Examples of Negative Space Photo
The object of negative space is not to distract the viewer but to help them look at that subject. The easiest way to work out if you have negative space in your photograph is to think about where your eye roams around in the photo if, it is drawn to an area in the photograph this generally will not be negative space. On the other hand, if you feel like your eyes really do not want to go to that part of the photograph, then this could be negative space. And this is not set in stone either, it is really subjective, It could be construed as a sliding scale of negative space.
In this first example, a beach in Taiwan, our eyes follow the lights along the walkway toward where the sun is going to rise. Then they are drawn down to the pebbles on the beach. And they head up to the sky and a few stars that you can see. So, the sky could be seen as a negative space but not that strong, as the few visible stars and the clouds do invite your eyes to mingle around that blue sky.
Then we have this beautiful example of the mountain range that is a little bit stronger to eyes, and they go straight to the peaks and then to the reflection, but because there are a few faint clouds in that sky, the eye does mingle around that sky, so it does detract a little bit from that main subject.
Color and Negative Space
Also, the color of the negative space will have an impact on how strong it is.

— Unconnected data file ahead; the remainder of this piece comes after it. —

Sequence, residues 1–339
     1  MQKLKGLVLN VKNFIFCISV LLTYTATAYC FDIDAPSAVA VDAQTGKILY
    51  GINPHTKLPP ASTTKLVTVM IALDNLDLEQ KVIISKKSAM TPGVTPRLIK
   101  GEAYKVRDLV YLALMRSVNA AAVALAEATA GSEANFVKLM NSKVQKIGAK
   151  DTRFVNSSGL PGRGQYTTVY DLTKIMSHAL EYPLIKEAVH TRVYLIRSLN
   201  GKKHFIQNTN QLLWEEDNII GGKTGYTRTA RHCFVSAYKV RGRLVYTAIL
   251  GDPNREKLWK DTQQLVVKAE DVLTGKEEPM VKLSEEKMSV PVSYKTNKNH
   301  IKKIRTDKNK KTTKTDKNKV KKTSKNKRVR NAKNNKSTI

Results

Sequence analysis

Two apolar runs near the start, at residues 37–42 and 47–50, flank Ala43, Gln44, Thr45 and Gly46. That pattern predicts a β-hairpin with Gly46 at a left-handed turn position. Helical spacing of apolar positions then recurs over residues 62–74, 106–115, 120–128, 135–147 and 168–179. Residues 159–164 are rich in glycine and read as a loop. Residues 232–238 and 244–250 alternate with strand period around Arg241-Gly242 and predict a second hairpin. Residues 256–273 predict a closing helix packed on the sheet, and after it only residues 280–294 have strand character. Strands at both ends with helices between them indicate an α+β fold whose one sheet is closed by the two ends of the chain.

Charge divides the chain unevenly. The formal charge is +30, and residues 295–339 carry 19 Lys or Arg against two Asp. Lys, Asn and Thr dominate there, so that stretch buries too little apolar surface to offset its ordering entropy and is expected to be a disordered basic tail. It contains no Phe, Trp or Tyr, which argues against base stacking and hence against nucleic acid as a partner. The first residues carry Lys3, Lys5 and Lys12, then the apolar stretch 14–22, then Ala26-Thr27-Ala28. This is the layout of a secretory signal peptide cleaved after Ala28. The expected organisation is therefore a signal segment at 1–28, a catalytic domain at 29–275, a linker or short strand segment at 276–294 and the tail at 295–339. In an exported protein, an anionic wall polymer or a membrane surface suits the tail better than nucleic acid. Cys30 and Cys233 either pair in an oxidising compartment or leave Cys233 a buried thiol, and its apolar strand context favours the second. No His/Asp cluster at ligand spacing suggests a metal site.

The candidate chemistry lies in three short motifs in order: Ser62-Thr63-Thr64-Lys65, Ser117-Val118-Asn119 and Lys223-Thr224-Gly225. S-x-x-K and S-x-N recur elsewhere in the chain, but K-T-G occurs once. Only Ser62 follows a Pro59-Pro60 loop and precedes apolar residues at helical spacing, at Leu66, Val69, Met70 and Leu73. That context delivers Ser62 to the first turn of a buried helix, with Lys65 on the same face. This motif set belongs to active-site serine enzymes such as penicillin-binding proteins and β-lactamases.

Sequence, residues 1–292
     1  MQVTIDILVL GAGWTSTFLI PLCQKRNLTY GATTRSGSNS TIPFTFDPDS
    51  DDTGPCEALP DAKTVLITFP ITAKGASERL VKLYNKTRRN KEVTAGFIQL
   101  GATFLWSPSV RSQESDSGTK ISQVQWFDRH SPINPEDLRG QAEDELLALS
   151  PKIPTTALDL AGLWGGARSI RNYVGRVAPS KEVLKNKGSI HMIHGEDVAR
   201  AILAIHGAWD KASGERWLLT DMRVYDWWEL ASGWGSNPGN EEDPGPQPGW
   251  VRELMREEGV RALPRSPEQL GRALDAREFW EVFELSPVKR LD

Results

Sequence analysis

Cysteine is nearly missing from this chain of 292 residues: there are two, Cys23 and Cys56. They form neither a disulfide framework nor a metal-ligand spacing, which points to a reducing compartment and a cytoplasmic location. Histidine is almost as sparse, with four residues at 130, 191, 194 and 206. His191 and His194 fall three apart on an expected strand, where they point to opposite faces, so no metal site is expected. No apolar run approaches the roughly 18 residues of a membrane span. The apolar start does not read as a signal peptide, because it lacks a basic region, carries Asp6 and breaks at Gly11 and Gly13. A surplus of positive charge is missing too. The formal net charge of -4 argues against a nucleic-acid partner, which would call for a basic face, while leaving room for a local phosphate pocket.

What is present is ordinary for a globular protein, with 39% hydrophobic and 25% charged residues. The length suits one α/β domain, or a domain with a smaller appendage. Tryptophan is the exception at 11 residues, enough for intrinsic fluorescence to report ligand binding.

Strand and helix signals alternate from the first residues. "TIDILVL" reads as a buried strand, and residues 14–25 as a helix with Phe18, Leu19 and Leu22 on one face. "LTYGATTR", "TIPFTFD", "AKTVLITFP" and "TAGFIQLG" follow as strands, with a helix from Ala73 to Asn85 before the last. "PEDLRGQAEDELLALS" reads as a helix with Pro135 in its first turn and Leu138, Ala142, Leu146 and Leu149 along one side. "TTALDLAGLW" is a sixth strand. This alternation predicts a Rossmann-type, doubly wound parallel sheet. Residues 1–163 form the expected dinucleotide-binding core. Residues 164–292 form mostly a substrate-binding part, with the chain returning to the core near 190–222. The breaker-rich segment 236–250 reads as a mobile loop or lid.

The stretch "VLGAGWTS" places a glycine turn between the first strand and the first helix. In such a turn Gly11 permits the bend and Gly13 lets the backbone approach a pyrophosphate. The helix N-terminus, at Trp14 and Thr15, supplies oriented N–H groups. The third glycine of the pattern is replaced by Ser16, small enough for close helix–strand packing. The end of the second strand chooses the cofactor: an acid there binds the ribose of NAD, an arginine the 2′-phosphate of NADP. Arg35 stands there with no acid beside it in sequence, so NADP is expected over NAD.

This example has a much stronger negative space, as our eyes follow the boats and the coastline with bright buildings on it the most and are away from that black lake’s surface. Because there is nothing in the foreground, our eyes are detracted from even looking at that area of the photograph. This is a true definition of negative space. If you feel like your eyes do not want to go to that part of the image, that is basically what negative space is.
The darker the color and the less texture and detail it has, the more powerful the negative space tends to be. This is not to say that you can not use different colors, but generally, the darker the color, and the less brightness there is in a part of the image, the less likely the viewer is to look at that part of the image.
With this next shot of the drop of water, our eye looks at the ripple on the surface and the drop glancing. But then it does not want to go or need to look at the background as it is completely blacked out. This photo has also a strong area of negative space in that background and we conclude that negative space goes along with minimalist photography for good.
However, even when the color is dark if there are distractions in that negative space or in that darker area, it takes away from its purpose as negative space but does not necessarily make it a bad photo, just different.